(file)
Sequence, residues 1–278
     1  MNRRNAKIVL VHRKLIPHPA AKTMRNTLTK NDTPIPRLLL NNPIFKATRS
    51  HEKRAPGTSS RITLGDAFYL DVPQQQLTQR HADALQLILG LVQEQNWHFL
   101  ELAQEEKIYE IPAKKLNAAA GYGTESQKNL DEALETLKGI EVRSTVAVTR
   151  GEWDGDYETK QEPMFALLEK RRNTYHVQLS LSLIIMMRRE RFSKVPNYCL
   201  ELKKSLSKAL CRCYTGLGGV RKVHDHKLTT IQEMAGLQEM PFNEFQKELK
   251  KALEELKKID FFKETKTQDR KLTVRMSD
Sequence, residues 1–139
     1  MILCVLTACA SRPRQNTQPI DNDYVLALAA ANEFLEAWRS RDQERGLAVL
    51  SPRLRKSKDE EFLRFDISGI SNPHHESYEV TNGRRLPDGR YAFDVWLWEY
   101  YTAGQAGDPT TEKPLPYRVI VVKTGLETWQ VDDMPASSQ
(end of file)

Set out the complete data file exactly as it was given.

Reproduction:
Sequence, residues 1–278
     1  MNRRNAKIVL VHRKLIPHPA AKTMRNTLTK NDTPIPRLLL NNPIFKATRS
    51  HEKRAPGTSS RITLGDAFYL DVPQQQLTQR HADALQLILG LVQEQNWHFL
   101  ELAQEEKIYE IPAKKLNAAA GYGTESQKNL DEALETLKGI EVRSTVAVTR
   151  GEWDGDYETK QEPMFALLEK RRNTYHVQLS LSLIIMMRRE RFSKVPNYCL
   201  ELKKSLSKAL CRCYTGLGGV RKVHDHKLTT IQEMAGLQEM PFNEFQKELK
   251  KALEELKKID FFKETKTQDR KLTVRMSD
Sequence, residues 1–139
     1  MILCVLTACA SRPRQNTQPI DNDYVLALAA ANEFLEAWRS RDQERGLAVL
    51  SPRLRKSKDE EFLRFDISGI SNPHHESYEV TNGRRLPDGR YAFDVWLWEY
   101  YTAGQAGDPT TEKPLPYRVI VVKTGLETWQ VDDMPASSQ